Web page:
Rabbi Miriam Margles on a green banner with the title: The Word from the DJC

Reconciliation with Indigenous Peoples and Jewish Values

My sister is regularly my teacher. With a commitment to engaging in substantive steps toward reconciliation with Indigenous peoples, she has started a new practice when she leads workshops on Unconscious Bias (which she does regularly). Rather than sharing a Land Acknowledgement, she begins with a Pledge. The Pledge is an evolving statement of specific commitments to learning, understanding, relationship and actions she is incorporating into her life. I am inspired by this as a personal commitment, but also see it as valuable for us as a Jewish community. What could be the DJC’s collective Pledge, at this stage in our collective engagement, rooted in the specifics of Jewish history and identity, and grounded in the Jewish values and wisdom that animate our shared work for reconciliation? In conversation with some of the members of DJC’s Social Justice committee, I am highlighting here some of the mitzvot and Jewish values that can guide the DJC’s pledge of learning and action in this work. Each one deserves to be unpacked for the specific framings and embodiments that Judaism teaches.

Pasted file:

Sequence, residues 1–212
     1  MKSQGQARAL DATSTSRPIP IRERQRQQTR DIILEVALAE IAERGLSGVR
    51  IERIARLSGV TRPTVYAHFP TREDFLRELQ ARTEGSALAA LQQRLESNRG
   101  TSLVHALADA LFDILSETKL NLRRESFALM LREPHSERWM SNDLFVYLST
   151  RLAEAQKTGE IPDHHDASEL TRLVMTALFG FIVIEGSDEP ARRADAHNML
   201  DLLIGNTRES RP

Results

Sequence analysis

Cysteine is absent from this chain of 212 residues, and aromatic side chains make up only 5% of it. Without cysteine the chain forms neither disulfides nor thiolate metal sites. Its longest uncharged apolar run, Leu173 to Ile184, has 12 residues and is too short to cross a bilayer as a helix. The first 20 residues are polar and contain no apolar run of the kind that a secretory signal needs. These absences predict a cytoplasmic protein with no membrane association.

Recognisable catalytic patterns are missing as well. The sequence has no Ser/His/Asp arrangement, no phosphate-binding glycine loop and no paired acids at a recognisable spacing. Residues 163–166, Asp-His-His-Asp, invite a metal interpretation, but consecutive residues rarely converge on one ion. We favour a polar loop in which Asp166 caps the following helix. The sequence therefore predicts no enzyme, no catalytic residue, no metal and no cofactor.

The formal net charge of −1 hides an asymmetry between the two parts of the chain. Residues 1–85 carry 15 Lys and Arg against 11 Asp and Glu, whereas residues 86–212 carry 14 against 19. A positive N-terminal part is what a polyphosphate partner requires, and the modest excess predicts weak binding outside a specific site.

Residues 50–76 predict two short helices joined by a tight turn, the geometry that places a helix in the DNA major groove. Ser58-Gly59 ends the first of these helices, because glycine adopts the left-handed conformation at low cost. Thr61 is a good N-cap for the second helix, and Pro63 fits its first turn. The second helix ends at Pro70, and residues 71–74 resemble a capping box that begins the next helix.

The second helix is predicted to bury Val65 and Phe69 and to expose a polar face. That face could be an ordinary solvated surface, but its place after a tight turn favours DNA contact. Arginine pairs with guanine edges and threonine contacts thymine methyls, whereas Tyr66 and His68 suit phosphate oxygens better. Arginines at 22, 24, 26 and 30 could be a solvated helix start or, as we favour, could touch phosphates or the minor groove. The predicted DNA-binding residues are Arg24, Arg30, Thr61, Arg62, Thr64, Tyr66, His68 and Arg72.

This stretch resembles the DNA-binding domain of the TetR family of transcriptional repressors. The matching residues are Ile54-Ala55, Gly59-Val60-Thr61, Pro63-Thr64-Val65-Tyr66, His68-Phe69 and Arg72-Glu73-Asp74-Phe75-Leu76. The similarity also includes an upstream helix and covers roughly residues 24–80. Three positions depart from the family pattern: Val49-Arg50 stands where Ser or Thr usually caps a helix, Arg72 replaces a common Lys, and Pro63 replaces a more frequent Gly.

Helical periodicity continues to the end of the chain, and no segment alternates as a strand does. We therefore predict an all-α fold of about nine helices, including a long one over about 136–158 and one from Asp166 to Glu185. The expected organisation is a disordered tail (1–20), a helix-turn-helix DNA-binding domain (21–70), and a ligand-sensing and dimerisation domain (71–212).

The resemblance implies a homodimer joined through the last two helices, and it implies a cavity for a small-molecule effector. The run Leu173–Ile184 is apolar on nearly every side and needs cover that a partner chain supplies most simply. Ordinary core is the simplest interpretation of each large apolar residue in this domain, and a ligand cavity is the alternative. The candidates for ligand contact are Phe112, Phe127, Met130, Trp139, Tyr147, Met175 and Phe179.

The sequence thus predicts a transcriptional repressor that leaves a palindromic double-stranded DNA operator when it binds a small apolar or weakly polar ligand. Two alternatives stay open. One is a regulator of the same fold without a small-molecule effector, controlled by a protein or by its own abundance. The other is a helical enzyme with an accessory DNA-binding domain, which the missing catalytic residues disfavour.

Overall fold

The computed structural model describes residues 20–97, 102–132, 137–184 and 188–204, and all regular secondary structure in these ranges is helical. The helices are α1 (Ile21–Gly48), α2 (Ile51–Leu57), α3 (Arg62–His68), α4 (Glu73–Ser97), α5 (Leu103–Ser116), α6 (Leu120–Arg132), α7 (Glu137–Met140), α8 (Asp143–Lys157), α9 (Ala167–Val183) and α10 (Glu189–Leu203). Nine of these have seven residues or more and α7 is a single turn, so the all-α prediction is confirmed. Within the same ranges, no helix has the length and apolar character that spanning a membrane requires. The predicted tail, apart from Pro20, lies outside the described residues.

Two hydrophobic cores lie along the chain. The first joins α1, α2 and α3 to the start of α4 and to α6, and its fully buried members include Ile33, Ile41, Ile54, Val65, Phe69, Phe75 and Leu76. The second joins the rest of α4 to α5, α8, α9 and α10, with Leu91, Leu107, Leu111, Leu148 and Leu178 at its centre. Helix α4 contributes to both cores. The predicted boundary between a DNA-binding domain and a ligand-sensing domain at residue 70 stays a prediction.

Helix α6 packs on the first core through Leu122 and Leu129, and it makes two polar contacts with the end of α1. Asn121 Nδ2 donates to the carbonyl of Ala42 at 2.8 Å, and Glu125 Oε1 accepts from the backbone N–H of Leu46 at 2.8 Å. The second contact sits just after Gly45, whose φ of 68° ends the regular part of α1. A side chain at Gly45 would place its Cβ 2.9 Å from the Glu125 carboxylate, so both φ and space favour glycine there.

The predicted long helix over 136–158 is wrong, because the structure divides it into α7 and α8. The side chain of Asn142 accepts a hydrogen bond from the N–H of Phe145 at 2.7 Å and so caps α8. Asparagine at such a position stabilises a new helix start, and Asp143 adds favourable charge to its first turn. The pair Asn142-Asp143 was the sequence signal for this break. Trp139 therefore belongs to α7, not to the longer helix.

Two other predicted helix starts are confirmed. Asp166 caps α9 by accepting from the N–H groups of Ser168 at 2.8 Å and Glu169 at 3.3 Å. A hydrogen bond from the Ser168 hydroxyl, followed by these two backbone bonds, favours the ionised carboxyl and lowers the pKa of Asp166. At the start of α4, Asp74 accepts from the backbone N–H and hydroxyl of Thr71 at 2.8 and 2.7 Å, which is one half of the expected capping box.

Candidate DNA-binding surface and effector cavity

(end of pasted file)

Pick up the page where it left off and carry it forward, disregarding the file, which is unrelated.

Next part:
First, it is worth stating that vows and pledges have deep roots in Judaism. Words are understood to hold the power to create worlds. In classical Jewish sources, if one makes a neder/vow or sh’vu’a/oath, there are consequences if one doesn’t fulfill the promises made. This is the reason we recite Kol Nidrei (“All my vows”) each year, to annul the vows we made in the past year so that we can reevaluate what we have fulfilled, where we have not acted in alignment with our words and to recommit with renewed clarity and commitment in the New Year.  

Tikkun Olam – Repair of the World. This obligation is often cited as a general and overarching commitment to address brokenness and to work for repair. The term originates in the Aleynu prayer, asserting that it is our responsibility ‘le’taken olam bemalchut Shaddai” to repair the world in alignment with Divine sovereignty or Presence in the world. This frames social justice through the lens of holiness, elevated purpose and transcendent meaning. It asserts that the world ought to be a place of repair and wholeness for all its creatures and that it is our role to be partners with the Divine in bringing this vision into reality. Tikkun Olam also calls us to turn our awareness toward the world, to recognize where harm or brokenness exist. This call is not dependent upon the harm we have personally caused, but looks for the places where it is in our capacity to bring healing.

Teshuva – Repentance, return, restoration. Teshuva is generally oriented toward repairing the harm I have more directly caused or participated in. The mitzvot related to teshuva require that we not only address the wrong-doing itself, but that we clean up the negative consequences that have rippled outward from our harmful actions or inactions. Jewish relations with Indigenous peoples in Canada have historically been a complicated mixture of oppressor and partner. Learning about the ways that Jews as settlers have historically and currently participate in and benefit from systems of oppression and inequity toward Indigenous peoples is an important foundation for accountability, repentance and change.